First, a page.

The word floating around at Venice was that the entire work had been sold in two parts so we can probably assume that one of them is going to Wellington. Looking at Denny's Secret Power as installed at the Marciana Library, Te Papa will clearly need to do more than pick and choose from the many elements if it is to coherently present the central issues raised by Denny. In essence there are three major components: the entrance way featuring an automatic sliding door and display cases that position New Zealand and the four other members of the Five Eyes spy network. Then there is a set of computer server 'vitrines' devoted to the NSA, primed by material from the Snowden releases. The third element is  a further set of computer server 'vitrines' examining the work of David Darchicourt, a past designer for the NSA. By picking up the entrance section and making a carefully curated selection from the other two parallel themes, Te Papa should be able to represent Secret Power impressively. In fact, by adding in elements of the installation at Marco Polo airport, Te Papa could complete the package and allude to the Marciana library as well.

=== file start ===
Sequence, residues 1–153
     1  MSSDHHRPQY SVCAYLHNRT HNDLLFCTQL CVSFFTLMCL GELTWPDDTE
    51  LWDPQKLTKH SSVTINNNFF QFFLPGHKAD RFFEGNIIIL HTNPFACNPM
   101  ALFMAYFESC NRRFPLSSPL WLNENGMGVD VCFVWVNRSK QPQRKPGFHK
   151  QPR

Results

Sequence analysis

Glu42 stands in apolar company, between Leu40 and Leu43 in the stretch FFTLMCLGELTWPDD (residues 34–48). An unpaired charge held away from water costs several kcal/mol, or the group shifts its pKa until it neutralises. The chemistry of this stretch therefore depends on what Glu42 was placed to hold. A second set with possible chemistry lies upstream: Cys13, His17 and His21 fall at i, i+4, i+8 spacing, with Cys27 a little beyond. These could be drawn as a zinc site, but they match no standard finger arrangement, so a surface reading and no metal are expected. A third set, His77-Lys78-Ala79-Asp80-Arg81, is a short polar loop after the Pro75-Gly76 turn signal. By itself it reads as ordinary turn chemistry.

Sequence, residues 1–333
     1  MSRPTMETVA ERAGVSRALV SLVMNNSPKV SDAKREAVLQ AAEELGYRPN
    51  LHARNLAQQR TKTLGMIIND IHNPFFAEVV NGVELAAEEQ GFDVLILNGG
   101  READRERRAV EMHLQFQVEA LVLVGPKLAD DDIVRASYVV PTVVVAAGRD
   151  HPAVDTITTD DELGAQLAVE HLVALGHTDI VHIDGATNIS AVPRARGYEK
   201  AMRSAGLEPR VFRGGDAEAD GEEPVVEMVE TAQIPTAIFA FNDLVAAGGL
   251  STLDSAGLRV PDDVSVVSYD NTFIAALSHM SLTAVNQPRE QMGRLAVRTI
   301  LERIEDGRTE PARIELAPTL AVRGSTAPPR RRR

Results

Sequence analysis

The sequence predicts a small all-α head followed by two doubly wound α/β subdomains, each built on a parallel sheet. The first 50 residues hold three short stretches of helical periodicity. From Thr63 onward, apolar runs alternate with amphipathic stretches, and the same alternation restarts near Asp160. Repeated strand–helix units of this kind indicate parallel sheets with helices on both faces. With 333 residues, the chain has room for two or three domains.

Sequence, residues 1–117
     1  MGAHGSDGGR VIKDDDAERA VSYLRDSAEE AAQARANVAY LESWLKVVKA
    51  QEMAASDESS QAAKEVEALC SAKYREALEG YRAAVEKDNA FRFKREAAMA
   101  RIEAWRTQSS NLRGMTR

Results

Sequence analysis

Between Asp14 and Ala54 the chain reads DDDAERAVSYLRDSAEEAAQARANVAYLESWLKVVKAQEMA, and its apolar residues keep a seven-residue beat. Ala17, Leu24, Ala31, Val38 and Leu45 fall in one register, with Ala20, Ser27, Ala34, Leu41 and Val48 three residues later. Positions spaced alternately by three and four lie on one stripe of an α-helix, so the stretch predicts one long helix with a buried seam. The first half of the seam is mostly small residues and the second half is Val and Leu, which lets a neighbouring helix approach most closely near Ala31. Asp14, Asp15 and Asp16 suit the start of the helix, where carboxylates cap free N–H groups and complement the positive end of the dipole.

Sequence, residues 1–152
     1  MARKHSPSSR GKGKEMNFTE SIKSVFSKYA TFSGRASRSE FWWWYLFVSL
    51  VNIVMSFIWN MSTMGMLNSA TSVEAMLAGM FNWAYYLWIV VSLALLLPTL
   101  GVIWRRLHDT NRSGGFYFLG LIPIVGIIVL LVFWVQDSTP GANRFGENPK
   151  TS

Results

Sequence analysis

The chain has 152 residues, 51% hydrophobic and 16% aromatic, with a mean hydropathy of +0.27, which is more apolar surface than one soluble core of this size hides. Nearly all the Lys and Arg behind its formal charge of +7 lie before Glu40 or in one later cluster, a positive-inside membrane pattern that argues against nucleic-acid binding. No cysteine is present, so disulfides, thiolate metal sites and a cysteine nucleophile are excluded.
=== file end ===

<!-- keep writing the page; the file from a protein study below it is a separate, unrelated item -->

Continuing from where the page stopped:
Images: Top Simon Denny entering the 'airlock' that opens the exhibition Secret Power. Bottom the two other main elements, left featuring the NSA and Snowden material and right designer David Darchicourt

Monday, June 01, 2015

By the numbers

1   the average number of statements per month the Minister for Arts, Culture and Heritage has released relating to the arts so far this year

3  the amount in millions of dollars per year that Te Papa gets from the Government for ‘collection development’